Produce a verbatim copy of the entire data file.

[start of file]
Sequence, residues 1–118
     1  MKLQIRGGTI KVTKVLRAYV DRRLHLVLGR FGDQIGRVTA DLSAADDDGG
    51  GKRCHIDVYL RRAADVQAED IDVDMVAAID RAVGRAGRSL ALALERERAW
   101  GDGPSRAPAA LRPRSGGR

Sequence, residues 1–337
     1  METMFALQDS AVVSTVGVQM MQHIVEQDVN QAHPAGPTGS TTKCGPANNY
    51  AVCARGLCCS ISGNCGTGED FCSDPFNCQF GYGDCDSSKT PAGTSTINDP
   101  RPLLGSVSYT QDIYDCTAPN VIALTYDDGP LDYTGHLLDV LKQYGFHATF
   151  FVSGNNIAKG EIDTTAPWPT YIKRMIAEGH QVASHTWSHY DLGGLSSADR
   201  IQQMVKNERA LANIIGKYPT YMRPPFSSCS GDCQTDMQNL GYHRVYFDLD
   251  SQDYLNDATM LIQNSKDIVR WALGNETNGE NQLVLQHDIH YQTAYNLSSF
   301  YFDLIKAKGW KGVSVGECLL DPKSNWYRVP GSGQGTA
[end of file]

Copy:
Sequence, residues 1–118
     1  MKLQIRGGTI KVTKVLRAYV DRRLHLVLGR FGDQIGRVTA DLSAADDDGG
    51  GKRCHIDVYL RRAADVQAED IDVDMVAAID RAVGRAGRSL ALALERERAW
   101  GDGPSRAPAA LRPRSGGR

Sequence, residues 1–337
     1  METMFALQDS AVVSTVGVQM MQHIVEQDVN QAHPAGPTGS TTKCGPANNY
    51  AVCARGLCCS ISGNCGTGED FCSDPFNCQF GYGDCDSSKT PAGTSTINDP
   101  RPLLGSVSYT QDIYDCTAPN VIALTYDDGP LDYTGHLLDV LKQYGFHATF
   151  FVSGNNIAKG EIDTTAPWPT YIKRMIAEGH QVASHTWSHY DLGGLSSADR
   201  IQQMVKNERA LANIIGKYPT YMRPPFSSCS GDCQTDMQNL GYHRVYFDLD
   251  SQDYLNDATM LIQNSKDIVR WALGNETNGE NQLVLQHDIH YQTAYNLSSF
   301  YFDLIKAKGW KGVSVGECLL DPKSNWYRVP GSGQGTA